SPECIAL REPORT: Contractors face hurdles as they bid for work with major companies, and suggest a more open approach might bring benefits.
Contractors face hurdles as they bid for work with major companies, and suggest a more open approach might bring benefits.
The complexity of tendering and difficulties associated with economies of scale are among key factors compromising smaller contractors’ ability to win work, according to UC Logistics owner Urszula Kelly.
Ms Kelly founded her transport broking company two years ago. It operates from a CBD base to connect subcontractors to businesses with freight needs.
About 75 per cent of the company’s work is in the Pilbara, Ms Kelly said, predominantly with mining services businesses.
She said smaller contractors were “under-appreciated”, and was calling on freight movers to rethink the barriers to competition they erected.
Ms Kelly said it was much easier for larger companies to win business, despite smaller players’ capacity to do the work.
She said project proponents should consider what they could do to make it easier for smaller players to win work.
“They (bigger operators) have salespeople, they have teams working on tendering and all that,” Ms Kelly said.
“That’s something that smaller businesses don’t have and I think that is one of the reasons why it is difficult to get work with bigger mining companies.
“Maybe the process of tendering that big companies have, big clients have, should be more accessible.
“The process should be a bit easier for the smaller guys, for people who don’t have a team that will be working on tenders for weeks on end.
“There’s quite a bit of requirement, you have to be trading for a certain (time) … pre-approvals and all that.
“The first thing that you might be asked for when you’re tendering is to show your financials; the way it’s presented may scare people off.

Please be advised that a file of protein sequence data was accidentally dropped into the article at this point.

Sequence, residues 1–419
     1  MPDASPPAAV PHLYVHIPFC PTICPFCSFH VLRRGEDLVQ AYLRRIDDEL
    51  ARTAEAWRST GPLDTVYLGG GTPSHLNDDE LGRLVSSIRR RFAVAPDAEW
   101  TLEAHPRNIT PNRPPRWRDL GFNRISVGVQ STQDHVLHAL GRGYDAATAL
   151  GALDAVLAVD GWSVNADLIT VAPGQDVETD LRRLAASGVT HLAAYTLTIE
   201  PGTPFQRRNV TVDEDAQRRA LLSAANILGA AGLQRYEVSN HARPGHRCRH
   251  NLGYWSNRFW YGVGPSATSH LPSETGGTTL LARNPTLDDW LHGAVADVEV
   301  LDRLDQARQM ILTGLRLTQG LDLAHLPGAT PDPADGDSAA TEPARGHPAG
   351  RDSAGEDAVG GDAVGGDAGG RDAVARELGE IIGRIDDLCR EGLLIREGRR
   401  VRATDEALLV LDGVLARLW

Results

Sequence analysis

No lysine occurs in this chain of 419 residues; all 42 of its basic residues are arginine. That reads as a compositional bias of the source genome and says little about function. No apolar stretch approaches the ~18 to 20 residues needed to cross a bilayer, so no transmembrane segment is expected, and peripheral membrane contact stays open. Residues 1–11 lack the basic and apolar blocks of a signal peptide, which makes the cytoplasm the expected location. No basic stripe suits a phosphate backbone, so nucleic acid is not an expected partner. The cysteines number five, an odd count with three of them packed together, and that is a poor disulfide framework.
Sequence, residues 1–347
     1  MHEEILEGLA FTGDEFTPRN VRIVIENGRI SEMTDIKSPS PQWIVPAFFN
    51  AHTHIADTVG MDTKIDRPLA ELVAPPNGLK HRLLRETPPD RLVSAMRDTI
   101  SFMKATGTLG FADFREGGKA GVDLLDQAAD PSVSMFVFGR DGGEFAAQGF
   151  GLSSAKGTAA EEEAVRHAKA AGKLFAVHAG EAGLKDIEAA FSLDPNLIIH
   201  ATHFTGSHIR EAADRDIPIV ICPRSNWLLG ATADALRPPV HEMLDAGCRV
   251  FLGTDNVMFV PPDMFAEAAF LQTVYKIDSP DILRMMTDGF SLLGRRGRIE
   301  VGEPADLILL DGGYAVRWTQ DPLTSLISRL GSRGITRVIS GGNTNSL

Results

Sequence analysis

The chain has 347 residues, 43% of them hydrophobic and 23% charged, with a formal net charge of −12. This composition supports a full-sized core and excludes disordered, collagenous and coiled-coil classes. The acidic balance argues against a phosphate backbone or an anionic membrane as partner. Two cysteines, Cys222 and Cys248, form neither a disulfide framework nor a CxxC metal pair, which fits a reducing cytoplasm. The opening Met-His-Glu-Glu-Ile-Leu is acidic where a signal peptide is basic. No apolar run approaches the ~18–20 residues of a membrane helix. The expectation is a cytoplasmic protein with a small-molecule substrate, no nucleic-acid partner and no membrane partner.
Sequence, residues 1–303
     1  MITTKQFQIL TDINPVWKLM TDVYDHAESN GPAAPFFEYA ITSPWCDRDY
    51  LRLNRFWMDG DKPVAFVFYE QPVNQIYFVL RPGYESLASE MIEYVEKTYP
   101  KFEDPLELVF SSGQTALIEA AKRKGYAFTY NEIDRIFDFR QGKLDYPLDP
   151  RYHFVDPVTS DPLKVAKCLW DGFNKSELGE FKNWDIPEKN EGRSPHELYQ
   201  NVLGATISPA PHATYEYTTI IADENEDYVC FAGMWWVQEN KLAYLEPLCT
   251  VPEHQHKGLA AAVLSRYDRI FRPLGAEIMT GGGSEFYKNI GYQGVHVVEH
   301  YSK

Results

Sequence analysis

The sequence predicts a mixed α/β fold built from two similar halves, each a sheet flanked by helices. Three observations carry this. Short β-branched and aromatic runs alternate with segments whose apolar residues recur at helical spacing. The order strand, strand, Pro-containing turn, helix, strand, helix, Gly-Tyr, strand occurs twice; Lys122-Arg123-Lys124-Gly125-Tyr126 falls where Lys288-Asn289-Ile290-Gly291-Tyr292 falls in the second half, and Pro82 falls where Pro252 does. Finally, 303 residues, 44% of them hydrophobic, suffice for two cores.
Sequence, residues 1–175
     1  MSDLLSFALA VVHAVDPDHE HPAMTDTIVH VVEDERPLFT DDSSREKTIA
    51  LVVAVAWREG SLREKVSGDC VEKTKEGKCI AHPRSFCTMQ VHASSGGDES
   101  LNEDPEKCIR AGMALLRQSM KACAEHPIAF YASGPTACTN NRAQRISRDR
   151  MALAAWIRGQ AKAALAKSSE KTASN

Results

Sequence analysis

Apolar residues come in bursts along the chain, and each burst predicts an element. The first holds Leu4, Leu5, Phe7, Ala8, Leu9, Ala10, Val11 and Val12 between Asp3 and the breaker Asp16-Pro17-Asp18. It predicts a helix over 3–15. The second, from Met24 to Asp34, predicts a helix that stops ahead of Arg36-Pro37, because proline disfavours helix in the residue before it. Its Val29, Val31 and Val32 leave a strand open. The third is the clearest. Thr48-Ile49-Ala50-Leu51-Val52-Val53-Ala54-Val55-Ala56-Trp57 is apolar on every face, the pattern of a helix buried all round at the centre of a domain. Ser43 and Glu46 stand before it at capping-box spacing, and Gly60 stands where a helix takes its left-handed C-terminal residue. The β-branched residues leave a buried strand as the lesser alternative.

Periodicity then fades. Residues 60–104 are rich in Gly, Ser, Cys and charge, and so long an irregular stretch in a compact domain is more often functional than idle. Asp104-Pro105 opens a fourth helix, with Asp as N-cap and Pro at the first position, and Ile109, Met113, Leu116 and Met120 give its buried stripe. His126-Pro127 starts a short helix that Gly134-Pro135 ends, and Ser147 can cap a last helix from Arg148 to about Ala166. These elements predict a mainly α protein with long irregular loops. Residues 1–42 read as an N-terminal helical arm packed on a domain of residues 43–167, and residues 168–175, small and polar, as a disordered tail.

“Everyone is invited but it just never seems like it is really for the small guy.”
Lengthening of payment terms had also been a problematic move for smaller contractors, Ms Kelly said.
In April last year, Business News revealed that Rio Tinto had doubled its payment terms for suppliers to 90 days, a decision it later backtracked on.
Less than a year previously, payment terms were just 30 days.
BHP extended its terms to 60 days.
“(Payment terms) are a huge issue in the market at the minute,” Ms Kelly said
“It is way easier for bigger companies to put up with those payment terms because they have factoring companies.”
Factoring companies offer a line of credit against delayed invoice payments, for a fee.
“For a smaller guy getting paid (many) days from the invoice, it makes it impossible,” Ms Kelly said.
“It makes them not want to do it.
“Factoring companies, they are accessible to a smaller guy but they are very, very expensive.”
The net impact was that project proponents would miss out on the better customer service that smaller providers offer, Ms Kelly said.
Part of that was because larger contractors were broadening their target markets as the amount of work available shrunk.
“The bigger companies have dipped down into some of the smaller companies’ turf,” Ms Shugg said.
“They want to fill their order books, so they’re looking around at some of the things they not have bothered to look at previously.
“(They’re) competing at that different level and winning that work away from the smaller companies.
“(Bigger companies) have done a good job of cutting costs, and additionally, the smaller companies don’t always have the balance sheet to get the equipment they need for a job.”
However, Ms Shugg said smaller contractors and local operators offered a range of benefits.
One factor was that they were more nimble and more easily able to mobilise, she said.
“Sometimes you need local knowledge and local experience for some jobs,” Ms Shugg said.
“There are always the people, management and leadership angle of contracting that often does need local experience to be able to succeed.”